Then came a message that threatened to change everything. Jacob was advancing, with hordes of oxen, sheep, and a great crowd of pilgrims — presumably, his family.

The old patterns recurred as harsh words spilled from my husband’s lips. “What does he want now, Mahalath? This is the brother who stole so much from me. Will he also steal my goods, take my wives and children?”

It took all my mental strength to devise cunning ways to turn Esau back to hope. “Perhaps God has sent him with a message of cheer. He wants your opinion on land in the area, so he can settle with his people. Jacob will see what a great man you are and how prosperous you have become. He will be the one who feels jealous this time. He will be sorry for the sins of the past.”

All that night, I stayed awake and prayed for Esau. I could feel his trepidation and spoke gratitudes to the Creator God. Surely the Almighty would keep my husband safe and thus secure the livelihood of us all.

The next morning, we watched as the two brothers — both mighty men — rode toward one another and then dismounted. A few seconds passed while my heart thundered. Then, a miracle. The brothers advanced toward each other and embraced. The years of emotional struggle fell away and only a bright future remained.

*If this excerpt from RJ Thesman‘s The Invisible Women of Genesis encouraged you, find the book on Amazon and be blessed by the rest of it!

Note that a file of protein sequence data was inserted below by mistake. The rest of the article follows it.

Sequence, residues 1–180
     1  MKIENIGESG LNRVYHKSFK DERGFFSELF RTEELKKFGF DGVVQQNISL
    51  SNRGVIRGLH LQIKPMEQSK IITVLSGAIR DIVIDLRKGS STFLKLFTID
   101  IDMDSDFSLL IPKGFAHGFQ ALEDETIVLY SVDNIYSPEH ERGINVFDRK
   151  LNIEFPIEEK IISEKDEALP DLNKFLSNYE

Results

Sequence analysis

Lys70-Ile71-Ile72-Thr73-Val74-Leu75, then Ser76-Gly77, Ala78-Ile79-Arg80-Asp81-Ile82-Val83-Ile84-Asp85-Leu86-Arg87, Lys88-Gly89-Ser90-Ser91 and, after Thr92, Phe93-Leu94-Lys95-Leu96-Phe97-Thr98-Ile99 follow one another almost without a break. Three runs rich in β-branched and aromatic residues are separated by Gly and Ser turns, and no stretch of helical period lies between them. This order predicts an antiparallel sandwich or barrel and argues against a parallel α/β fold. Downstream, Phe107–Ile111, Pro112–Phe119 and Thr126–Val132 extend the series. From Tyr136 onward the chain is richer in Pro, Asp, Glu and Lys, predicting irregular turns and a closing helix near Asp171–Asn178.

With her 17th book, RJ Thesman digs deeply into the book of Genesis to discover the invisible women hidden in scripture. Writing coach, editor and author — Thesman is also a trained biblical counselor and a Stephen minister. She writes from the heartland of Kansas where she lives with her adult son and a spoiled cat. Other books Thesman has written for the Christmas market include The Women of Christmas and Holiday Tips for Caregivers. Connect with RJ Thesman on Facebook, Twitter, LinkedIn, and her YouTube Channel: RJ Thesman – Coaching for Writers.

*The new issue of Life Notes, my quarterly inspirational newsletter with a giveaway in every regularly scheduled issue, came out yesterday. It’s not too late to receive it. Sign-up is free and to the right! (If you’re on a mobile device, scroll to the bottom of the screen and click View Full Site to find it.)

*For info about my book Mother of the Bride and also my Wedding Inspiration cards, check out my Books/My Work page.

*Top image from Pixabay

Lift Up Your Eyes: Guest Post by Gail Goolsby

Gazing out of the window on my first airplane trip to Afghanistan in 2004, I’d thought the scenery depressing. The decades of war, the desperate need for heating fuel, the years of drought, and the desert climate all contributed to the missing trees and grass. It is all so drab, so lifeless. Where is the green in all this khaki? Yuck.

The dusty, colorless environment fit my overall mood those first few months after my arrival in 2005 to serve as the principal of the soon-to-open International School of Kabul (ISK). I missed my young adult, semi-launched children back in the States and all my friends and my comfortable Missouri home, complete with gardens, paved streets and sidewalks.